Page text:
Training by Cutter Experts Gives Your Teams a Strong, Common Foundation
Cutter's experts create and deliver half-day to week-long workshops and training courses that will give your teams the skills they need. From agile development methods, to business architecture foundations, from mapping innovation to building Development IntelligenceTM capabilities into your organization, Cutter's workshops make it possible for your teams begin applying their new skills immediately. See sample Cutter Workshop & Training offerings by selecting one or any of the practice areas below.
Cutter’s Digital Transformation Bootcamp is designed to get a team thinking analytically and strategically about how its industry is changing. The Bootcamp immerses an executive team in the challenges and opportunities digital transformation presents so that they can walk away with new ideas and strategies that have been vetted by other smart business leaders.
Agile adoption goes hand in hand with abandoning so-called traditional project management. Yet new projects are continously faced with legitimate management questions. Now you can answer these questions with confidence when you adapt the Earned Value Management method (EVM) into your Agile product development process.
Discover how the business analyst is the driving force to change the business from its current way of working to the desired future state in this two-day workshop led by Cutter Fellow Tim Lister.
This Executive Roundtable examines why it is still the dawn of the digital age and phenomena such as blockchain, the shared economy, and artificial intelligence. You'll explore the true vocation of technology and the transformative potential to build the new Economy of distributed networks.
Optimize your Big Data investments, decision making, and performance.
Cutter Consortium offers Executive Education days — singly or in a series — designed to move your entire team up the Digital Transformation learning curve.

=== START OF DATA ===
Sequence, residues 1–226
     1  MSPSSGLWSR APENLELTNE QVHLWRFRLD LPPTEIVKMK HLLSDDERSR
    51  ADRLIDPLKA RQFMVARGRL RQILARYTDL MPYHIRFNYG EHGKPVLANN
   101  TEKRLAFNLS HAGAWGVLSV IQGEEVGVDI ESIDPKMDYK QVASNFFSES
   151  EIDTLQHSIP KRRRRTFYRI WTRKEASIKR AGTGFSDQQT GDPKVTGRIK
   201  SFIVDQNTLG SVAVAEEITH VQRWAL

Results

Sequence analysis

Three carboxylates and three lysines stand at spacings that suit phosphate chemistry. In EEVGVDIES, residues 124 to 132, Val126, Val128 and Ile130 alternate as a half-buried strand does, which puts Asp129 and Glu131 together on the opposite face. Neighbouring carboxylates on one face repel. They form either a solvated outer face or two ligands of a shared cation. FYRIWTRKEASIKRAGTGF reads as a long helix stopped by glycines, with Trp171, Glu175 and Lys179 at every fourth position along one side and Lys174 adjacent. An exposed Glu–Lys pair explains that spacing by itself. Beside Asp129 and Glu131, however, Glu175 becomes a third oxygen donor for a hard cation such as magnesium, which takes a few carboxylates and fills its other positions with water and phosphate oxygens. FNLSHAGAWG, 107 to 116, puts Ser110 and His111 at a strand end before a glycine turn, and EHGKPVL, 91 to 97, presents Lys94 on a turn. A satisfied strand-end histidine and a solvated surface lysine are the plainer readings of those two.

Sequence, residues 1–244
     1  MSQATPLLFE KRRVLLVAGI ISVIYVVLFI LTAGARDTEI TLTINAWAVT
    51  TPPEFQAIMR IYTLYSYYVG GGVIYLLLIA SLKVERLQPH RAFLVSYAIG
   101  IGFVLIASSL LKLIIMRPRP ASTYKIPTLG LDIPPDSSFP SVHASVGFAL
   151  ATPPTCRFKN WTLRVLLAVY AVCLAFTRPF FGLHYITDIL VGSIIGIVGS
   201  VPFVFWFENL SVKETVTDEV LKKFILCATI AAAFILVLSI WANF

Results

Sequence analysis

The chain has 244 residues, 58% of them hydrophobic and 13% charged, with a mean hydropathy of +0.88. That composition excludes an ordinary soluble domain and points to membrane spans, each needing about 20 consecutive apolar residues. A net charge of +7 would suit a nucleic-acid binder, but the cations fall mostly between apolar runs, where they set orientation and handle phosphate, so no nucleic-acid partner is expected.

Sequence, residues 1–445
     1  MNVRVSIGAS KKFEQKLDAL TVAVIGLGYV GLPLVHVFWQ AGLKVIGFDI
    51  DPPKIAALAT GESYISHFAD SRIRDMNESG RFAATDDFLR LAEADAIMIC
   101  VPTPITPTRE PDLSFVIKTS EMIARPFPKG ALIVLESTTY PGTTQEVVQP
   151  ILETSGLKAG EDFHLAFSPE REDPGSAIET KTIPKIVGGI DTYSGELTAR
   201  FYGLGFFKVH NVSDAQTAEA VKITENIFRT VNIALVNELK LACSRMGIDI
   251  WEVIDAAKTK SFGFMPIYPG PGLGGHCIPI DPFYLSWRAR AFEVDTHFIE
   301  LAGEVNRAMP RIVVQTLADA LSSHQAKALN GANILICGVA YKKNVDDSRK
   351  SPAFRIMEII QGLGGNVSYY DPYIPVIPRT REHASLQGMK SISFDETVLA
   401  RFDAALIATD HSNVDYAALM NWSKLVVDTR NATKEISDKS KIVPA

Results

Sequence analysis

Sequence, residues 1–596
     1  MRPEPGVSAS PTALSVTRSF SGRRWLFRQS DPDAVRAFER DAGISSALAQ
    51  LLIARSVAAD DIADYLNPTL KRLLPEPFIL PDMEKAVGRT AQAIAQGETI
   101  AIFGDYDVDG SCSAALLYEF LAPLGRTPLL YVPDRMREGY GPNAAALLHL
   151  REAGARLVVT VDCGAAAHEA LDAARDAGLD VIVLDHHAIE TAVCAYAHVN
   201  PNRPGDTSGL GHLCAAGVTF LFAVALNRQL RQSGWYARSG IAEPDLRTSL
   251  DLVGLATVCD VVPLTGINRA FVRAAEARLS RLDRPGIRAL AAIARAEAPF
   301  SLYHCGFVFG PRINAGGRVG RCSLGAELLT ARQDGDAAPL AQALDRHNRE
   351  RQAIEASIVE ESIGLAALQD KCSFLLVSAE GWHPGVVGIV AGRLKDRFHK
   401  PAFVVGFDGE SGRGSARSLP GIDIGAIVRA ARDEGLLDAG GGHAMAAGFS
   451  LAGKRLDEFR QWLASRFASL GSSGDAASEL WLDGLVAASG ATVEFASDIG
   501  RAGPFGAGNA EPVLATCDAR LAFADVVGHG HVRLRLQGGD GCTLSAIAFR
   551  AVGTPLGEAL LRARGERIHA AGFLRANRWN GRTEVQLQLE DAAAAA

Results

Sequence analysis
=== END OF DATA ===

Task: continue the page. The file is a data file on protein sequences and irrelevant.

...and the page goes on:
A workshop focusing on the organizational and business advantages that can be achieved with Digital Data Streams.
Don MacIntyre has led large and small engineering organizations through successful transformations. He’s helped many leadership teams become more supportive of their organizations. And now you can benefit from his on-the-job experience. Don MacIntyre’s 2-day Agile Leadership workshop is designed to help leaders succeed with their agile transformation and develop the leadership skills required to achieve organizational agility.
This course focuses on extending the basic business architecture through strategy, product, initiative and stakeholder mapping. You'll learn how to leverage business architecture to benefit related disciplines including business modeling, Lean Six Sigma, business process management and case management.
This workshop provides an overview of business architecture that will help you gain executive sponsorship, practice setup, achieve acceptance and utilization, and build out your business architecture baseline. (Held in Mexico City, presented in English and simultaneously translated.)
Cutter gets teams to the Agile starting line as quickly as possible. Cutter offers basic Agile training for teams who are new to Agile, as well as those who want to sharpen their Agile edge.
This executive-level workshop provides answers to typical questions that arise during an Agile adoption, such as: How do we ensure the Agile teams are working in alignment with strategic objectives? How long does it take to start seeing results? What kind of executive-level support do Agile teams need?